It is difficult to talk about this band without becoming sarcastic. I heard some songs on 2009’s Smash the Control Machine, which struck me as activism-obsessed liberal mallcore, heavily influenced by Slipknot and Hed(pe), with an annoying female vocalist. But it was music. When you pressed play, loud noise boomed around the place.
When you press play on this, the only loud noise booming around the place is the sound of your uncontrollable laughter. Hydra is practically a spoken word album. It’s 70 minutes long, with at least 50 of those minutes being angsty mutterings, ambient noise, or silence. What a retarded idea. Who the fuck wants to listen to this?
Finding good songs on STCM required a bit of dumpster diving. On Hydra there are very few songs at all, let alone good ones, so all you can do is enjoy the occasional inspired moment. “Hag” has these Nile-sounding blastbeats. “Blowtorch Nightlight” gets really uptempo and fun in the last 40 seconds. Other tracks like “Seduce and Destroy” have heavy guitars but are just utterly boring and limp along like Captain Ahab and Professor X in a three-legged race.
The rest of the album is just a book on tape with a few fragments of metal riffs and keyboard melodies. Otep Shamaya’s voice is the only consistent factor: it is consistently annoying. Whisper… BLAAARGGHHHHH… whiiiiiine…
In general I’m wary of bands with political or socially conscious lyrics, no matter what those lyrics are. When you have (hypothetically) catchy, entertaining music, write lyrics about Iraq, and fill a thundering stadium with fans…are so you deluded to think that your political views are the reason they bought tickets? Do you think that you’re now the leader of a social movement? Henry Rollins is the classic example of a guy crossing his urine streams in such a way. He keeps trying to reinvent himself as some kind of poet/activist, when all anybody truly cares about is a punk rock album he made thirty years ago.
Otep is a bit behind the eightball (they haven’t made a great album yet) but the principle is the same. In general, the bands that become famous for political lyrics do so because of novelty, not because the lyrics themselves are that compelling. In an ocean of brainless Ramones soundalikes, The Clash’s lyrics stood out. In an ocean of brainless speed metal bands, Metallica’s lyrics stood out. If The Clash or Metallica had submitted their political views to an op-ed piece, they would have sunk without a trace. Even in “seen it all” 2013, it’s not ridiculously common for metal bands to address political issues (I’m talking about actual, in-depth commentary, not “fuck the system!” or “support the troops!”), and when you’ve got a female vegetarian lesbian as the singer of your band, then you have more novelty value than most. But that’s all it is: novelty. If you’re a metal band famous for political lyrics, it’s not your brilliant opinions people are noticing. They notice you because you are like a dog that has learned to walk on its hind legs.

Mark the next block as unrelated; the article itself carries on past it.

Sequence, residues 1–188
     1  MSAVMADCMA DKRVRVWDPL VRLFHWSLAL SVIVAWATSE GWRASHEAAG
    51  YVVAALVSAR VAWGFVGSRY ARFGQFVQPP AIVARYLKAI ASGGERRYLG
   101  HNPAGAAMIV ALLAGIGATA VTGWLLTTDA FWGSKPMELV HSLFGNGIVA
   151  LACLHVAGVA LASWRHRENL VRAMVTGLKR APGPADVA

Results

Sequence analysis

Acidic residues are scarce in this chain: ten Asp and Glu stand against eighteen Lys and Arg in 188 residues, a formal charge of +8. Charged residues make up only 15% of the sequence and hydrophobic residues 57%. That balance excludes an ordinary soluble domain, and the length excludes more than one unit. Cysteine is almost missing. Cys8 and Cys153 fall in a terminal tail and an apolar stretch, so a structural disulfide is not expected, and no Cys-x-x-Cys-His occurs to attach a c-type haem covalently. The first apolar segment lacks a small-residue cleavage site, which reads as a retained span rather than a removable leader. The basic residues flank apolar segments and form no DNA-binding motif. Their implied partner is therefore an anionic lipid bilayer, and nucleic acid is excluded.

The long-ass closing track “Theophagy” just goes on and on forever, repeating itself like a broken record. Recurrent lyric: “I will rise like a Hydra / from the ash.” I assume she’s talking about a phoenix. The Hydra doesn’t rise from the ash. Fire is how you kill it (or at least Hercules did), so ash is the last place you’d expect a Hydra to rise from. And “Hydra” is a proper noun. It refers to a specific, singular monster. Saying “I will rise like a Hydra” is like saying “I will bike through France with a needle in my butt like a Lance Armstrong.”
If you like this band, get a life.